State; Sections 201 and 202 of the Sharia Penal Code Law of Sokoto
      State; Sections 192 and 193 of the Sharia Penal and Criminal Procedure
      Codes 2002 of Kaduna State; and Sections 142 and 143 of the Sharia
      Penal Code Law 2000 of Kano State.
      59. Qisas in short means the right of relatives to choose that a
      deliberate offender be punished in the same manner as his or her act,
      in certain cases of murder or grievous bodily harm.
      60. Exemplified by offences relating to ordeal, witchcraft and "juju"
      (Sections 408-413) in the Sharia Penal Code Law 2000 of Sokoto State,
      and Sections 405-409 of the Sharia Penal Code Law 2000 of Zamfara
      61. The word zina, both in general use and as a term defined in the
      Sharia penal codes does not accurately translate as "adultery". Zina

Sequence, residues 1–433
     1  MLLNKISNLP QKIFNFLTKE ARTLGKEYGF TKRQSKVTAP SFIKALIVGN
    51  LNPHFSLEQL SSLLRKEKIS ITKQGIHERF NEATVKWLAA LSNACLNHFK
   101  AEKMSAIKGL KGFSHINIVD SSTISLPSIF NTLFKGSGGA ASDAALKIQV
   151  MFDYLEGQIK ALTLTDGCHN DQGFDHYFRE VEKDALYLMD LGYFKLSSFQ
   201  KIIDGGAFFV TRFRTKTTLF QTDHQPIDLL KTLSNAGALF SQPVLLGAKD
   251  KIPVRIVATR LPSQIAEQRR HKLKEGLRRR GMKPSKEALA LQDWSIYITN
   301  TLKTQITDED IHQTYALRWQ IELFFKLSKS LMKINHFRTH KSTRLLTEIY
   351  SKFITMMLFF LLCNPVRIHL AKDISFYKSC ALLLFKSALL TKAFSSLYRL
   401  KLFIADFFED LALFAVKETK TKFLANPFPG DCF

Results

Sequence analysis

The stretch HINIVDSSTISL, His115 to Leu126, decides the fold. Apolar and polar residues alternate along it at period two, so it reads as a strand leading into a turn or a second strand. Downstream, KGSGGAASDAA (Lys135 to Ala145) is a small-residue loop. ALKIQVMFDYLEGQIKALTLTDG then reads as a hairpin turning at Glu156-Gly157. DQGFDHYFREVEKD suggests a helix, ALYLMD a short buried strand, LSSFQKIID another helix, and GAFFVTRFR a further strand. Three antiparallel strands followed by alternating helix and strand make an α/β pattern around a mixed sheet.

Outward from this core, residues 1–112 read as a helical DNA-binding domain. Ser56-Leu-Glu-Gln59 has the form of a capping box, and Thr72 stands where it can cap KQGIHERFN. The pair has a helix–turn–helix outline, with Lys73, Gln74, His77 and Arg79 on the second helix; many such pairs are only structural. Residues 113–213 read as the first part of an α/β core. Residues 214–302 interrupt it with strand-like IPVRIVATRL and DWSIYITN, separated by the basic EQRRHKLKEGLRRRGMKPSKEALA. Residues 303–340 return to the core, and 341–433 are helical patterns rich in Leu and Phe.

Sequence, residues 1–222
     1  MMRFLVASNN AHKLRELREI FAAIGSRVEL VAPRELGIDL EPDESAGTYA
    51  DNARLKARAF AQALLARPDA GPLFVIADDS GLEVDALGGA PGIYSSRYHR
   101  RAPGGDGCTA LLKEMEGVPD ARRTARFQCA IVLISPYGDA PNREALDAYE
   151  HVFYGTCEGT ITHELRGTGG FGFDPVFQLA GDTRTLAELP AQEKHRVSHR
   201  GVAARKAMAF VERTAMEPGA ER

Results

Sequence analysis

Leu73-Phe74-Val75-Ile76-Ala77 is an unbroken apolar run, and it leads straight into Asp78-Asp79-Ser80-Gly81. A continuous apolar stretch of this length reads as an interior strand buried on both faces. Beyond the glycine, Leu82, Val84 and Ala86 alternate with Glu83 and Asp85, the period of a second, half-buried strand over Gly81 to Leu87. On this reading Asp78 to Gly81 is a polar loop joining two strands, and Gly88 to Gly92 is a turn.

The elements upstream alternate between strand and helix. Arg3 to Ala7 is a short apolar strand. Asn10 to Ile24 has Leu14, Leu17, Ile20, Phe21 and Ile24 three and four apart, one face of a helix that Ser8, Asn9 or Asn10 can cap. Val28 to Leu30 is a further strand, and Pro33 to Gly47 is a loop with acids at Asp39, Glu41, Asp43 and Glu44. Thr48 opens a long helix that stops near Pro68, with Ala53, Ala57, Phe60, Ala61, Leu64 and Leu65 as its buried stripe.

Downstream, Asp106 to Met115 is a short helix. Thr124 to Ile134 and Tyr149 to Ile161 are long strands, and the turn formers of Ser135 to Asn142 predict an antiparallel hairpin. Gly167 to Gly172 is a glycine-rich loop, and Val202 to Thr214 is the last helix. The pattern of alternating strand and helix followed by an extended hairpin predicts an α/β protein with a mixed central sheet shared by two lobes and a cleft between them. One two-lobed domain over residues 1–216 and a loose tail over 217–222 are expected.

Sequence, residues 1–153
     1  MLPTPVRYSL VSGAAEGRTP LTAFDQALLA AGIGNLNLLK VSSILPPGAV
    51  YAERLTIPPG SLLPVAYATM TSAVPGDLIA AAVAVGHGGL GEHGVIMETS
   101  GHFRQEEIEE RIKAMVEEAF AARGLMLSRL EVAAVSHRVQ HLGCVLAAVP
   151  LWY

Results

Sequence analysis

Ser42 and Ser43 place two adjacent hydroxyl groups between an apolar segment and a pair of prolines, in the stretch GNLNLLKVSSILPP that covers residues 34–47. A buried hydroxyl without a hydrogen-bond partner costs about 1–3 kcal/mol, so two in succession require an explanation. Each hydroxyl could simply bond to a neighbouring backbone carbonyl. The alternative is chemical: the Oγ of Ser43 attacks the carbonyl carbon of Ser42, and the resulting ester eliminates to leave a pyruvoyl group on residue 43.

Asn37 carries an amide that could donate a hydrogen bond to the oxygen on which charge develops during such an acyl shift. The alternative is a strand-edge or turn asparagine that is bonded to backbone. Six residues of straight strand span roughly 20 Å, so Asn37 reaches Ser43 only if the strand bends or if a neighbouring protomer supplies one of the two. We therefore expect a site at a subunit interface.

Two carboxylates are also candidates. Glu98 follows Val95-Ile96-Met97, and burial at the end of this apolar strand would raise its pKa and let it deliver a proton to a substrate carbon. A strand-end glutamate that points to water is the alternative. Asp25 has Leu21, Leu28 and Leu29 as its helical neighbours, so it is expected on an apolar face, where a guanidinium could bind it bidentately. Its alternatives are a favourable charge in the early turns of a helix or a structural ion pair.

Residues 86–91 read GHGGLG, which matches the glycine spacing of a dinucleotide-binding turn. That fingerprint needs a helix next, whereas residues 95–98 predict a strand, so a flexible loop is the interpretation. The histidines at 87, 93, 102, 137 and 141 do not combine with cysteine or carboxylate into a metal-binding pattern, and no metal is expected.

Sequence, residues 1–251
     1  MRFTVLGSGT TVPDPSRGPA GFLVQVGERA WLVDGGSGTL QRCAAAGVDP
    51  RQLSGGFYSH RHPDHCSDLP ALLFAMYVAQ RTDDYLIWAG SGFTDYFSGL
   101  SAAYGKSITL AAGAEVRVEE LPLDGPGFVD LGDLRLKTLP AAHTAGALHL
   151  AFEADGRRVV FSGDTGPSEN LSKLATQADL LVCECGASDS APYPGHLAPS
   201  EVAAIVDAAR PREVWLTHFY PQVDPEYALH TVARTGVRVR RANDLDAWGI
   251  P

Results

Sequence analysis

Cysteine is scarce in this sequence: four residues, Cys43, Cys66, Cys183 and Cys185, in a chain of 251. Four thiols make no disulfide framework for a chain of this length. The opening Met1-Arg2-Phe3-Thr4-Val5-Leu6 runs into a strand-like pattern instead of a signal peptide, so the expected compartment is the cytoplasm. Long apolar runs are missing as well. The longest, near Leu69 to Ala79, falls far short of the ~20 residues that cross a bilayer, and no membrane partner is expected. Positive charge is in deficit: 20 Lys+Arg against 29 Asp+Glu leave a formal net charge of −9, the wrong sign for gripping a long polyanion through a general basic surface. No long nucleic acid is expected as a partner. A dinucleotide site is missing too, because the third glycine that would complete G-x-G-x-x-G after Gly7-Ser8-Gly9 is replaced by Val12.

is intended to cover consensual heterosexual relations where neither
      partner is married, where one or both are married to another, or where
      one or both are divorced. The punishments vary according to marital
      62. Under the Kaduna State Sharia Penal and Criminal Procedure Codes
      2002, Section 122 unmarried women can only be sentenced to flogging,
      whereas unmarried men are both sentenced to flogging and imprisonment
      for zina.
      108. In the judgment in the case of Amina Lawal, the Sharia Court of
      Appeal in Katsina State has stated that they do not consider pregnancy
      outside marriage alone to be sufficient proof of zina and cites an
      unknown source which claims that a divorcee can be said to be pregnant
      for five years after divorce.


      222 women await trials in NWFP jails - 09 Feb 04
      As many as 222 female under-trial prisoners are languishing in various
      jails of the NWFP, including 83 of them detained under Zina
      Ordinances. .. Among the 94 convicted female prisoners, 13 of them
      are imprisoned under the Zina Ordinances. Sources said 74 children
      were accompanying their detained mothers in various jails and eight of
      them attend school regularly.
      Among the 94 convicted prisoners, 14 are detained under murder cases,
      60 under narcotics smuggling cases, 13 under Zina Ordinance, 4 under